We ate an early camp breakfast (poached eggs, canned spaghetti, bread rolls, tea) in the relative cool of six a.m. The sun was just an ominous red glow on the horizon.
Around seven, just after the sun's first rays hit the tops of the trees, the cockatoos and galahs started their racket. They perched in their hundreds on top of the concrete water tower, dropped off in graceful dives, flew around in ragged circles.
By eight we'd packed up the tent and moved on.
Mid-morning found us at Tocumwal, on the New South Wales side of the Murray river. People retire here to fish, boat and do nothing.
Just out of town lies what was once a World War Two airfield. Purpose-built in 1943 as a USAAF base during the height of the Japanese assault on the Pacific, it was at the time the largest airfield in the Southern Hemisphere. Three of seven hangars remain - massive concrete, timber and iron constructions - a fourth burned down a couple of years ago after a farmer filled it with hay which ignited.
Displays in the museum section of the airfield include a wealth of historic photographs and printed materials but unfortunately no actual Liberator bombers. After the war when manufacturing materials were in short supply, smelters were brought onto the runways and the 'planes were turned into aluminium ingots. In the 'fifties, you were probably driving around in a recycled Liberator.
39 degrees by early afternoon.
For lunch, we ate sandwiches made with fresh bread, cold meat, lettuce and tomatoes purchased from the small supermarket. During the afternoon, we paddled in the Murray river, shaded by the massive river gums that line the edge of the river.
Later, we retired to possibly the quietest country pub I have ever visited, tucked away in a back street of Tocumwal (which would be one back from the main street), for a VCB. One or two customers, farmers, finished their beers in silence and went off with a genial wave in our general direction.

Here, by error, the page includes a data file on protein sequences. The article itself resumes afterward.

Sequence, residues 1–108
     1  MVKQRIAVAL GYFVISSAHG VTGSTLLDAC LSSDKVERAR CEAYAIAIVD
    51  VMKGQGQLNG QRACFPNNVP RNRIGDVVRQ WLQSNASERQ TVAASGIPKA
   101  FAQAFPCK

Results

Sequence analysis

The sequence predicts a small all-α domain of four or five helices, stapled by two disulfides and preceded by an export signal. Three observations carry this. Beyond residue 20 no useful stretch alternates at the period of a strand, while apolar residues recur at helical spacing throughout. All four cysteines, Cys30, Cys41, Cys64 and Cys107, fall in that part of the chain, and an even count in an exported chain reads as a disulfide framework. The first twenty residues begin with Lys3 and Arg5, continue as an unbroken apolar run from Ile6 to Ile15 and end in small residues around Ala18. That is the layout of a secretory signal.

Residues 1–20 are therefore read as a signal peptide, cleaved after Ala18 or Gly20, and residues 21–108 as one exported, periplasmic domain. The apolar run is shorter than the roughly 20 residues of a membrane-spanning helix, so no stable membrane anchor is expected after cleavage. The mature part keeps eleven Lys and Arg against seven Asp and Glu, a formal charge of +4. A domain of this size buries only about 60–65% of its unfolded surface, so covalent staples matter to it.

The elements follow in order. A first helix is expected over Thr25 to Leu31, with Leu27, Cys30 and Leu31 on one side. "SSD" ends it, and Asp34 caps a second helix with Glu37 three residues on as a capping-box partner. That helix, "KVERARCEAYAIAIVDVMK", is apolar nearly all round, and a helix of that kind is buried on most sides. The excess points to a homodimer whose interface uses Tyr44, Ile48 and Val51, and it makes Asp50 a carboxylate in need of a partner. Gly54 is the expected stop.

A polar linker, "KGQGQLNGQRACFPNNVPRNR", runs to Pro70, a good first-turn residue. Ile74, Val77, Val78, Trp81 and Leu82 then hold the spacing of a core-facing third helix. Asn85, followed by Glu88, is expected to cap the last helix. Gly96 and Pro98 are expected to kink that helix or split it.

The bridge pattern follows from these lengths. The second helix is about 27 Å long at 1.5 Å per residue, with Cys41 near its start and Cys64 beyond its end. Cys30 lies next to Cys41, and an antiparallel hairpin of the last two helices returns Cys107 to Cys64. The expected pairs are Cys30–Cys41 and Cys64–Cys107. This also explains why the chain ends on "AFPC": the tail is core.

Left Tocumwal around nine. The atmosphere was already a furnace.
Crossed back into Victoria and wound through Goulburn Valley orchard and wine country. Stopped for lunch (pre-made salad sandwiches in the ice-cooler) at a tiny town whose name escapes me, parking in the only shade we could find, a bunch of peppercorn trees outside the school, empty for the holidays. The town itself seemed vacant but was probably just sleeping in the intense heat. Sunblinds down over windows closed like eyes.
An hour or two down the road, Nagambie was baking in the afternoon sun, but look at the lake! tempting and cool. We headed for a camping ground we had stayed at eight years ago - but it had been permanently closed late last year. Fortunately, around the other side of the lake we found a cabin - right by the water. And air-conditioned!
We checked in at a small, run-down office in which a ginger cat was dozing on the desk, then dumped our gear in our cabin and went straight down the short hill to the lake's edge. People lay under shade trees, teenagers swam. We melted onto the grass with a book and the newspaper.
The 38-degree afternoon unravelled, shedding hot golden shards of light higher and higher in the trees; gums, straggly pines.
A head bobbed out across the water. Followed by another. One human, one canine. A Labrabor? They disappeared into the horizon. The other side of the lake is several hundred metres at least. After a while, the heads were visible again. They moved slowly closer and eventually reached the shore. They had been swimming for at least an hour; the dog - a shaggy, wet Golden Retriever and an old man. What a life.
The sun was almost gone when we went back to our cabin for a late dinner of cold fried chicken on lettuce, quartered tomatoes, wedges of cheese, celery, bread rolls.
The air-conditioner hummed, coughed, stopped and started through the night. Next morning, there was a mewling at the door. It was the ginger cat. I gave it a piece of left-over chicken and a saucer of milk.